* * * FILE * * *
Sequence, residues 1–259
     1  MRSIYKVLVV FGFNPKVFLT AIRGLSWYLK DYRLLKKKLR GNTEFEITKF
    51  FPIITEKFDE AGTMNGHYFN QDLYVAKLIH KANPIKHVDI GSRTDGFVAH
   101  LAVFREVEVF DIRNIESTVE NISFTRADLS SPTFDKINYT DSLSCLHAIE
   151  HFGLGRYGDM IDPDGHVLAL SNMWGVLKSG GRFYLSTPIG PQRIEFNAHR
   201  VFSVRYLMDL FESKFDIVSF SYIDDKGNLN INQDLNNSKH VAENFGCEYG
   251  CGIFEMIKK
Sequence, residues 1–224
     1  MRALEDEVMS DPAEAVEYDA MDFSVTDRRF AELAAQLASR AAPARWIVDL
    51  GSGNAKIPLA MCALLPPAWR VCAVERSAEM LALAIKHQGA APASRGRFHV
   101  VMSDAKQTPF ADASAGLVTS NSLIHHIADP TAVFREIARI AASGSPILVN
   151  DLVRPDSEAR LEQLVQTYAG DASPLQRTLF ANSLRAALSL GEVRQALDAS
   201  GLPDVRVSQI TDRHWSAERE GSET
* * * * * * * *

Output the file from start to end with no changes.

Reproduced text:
Sequence, residues 1–259
     1  MRSIYKVLVV FGFNPKVFLT AIRGLSWYLK DYRLLKKKLR GNTEFEITKF
    51  FPIITEKFDE AGTMNGHYFN QDLYVAKLIH KANPIKHVDI GSRTDGFVAH
   101  LAVFREVEVF DIRNIESTVE NISFTRADLS SPTFDKINYT DSLSCLHAIE
   151  HFGLGRYGDM IDPDGHVLAL SNMWGVLKSG GRFYLSTPIG PQRIEFNAHR
   201  VFSVRYLMDL FESKFDIVSF SYIDDKGNLN INQDLNNSKH VAENFGCEYG
   251  CGIFEMIKK
Sequence, residues 1–224
     1  MRALEDEVMS DPAEAVEYDA MDFSVTDRRF AELAAQLASR AAPARWIVDL
    51  GSGNAKIPLA MCALLPPAWR VCAVERSAEM LALAIKHQGA APASRGRFHV
   101  VMSDAKQTPF ADASAGLVTS NSLIHHIADP TAVFREIARI AASGSPILVN
   151  DLVRPDSEAR LEQLVQTYAG DASPLQRTLF ANSLRAALSL GEVRQALDAS
   201  GLPDVRVSQI TDRHWSAERE GSET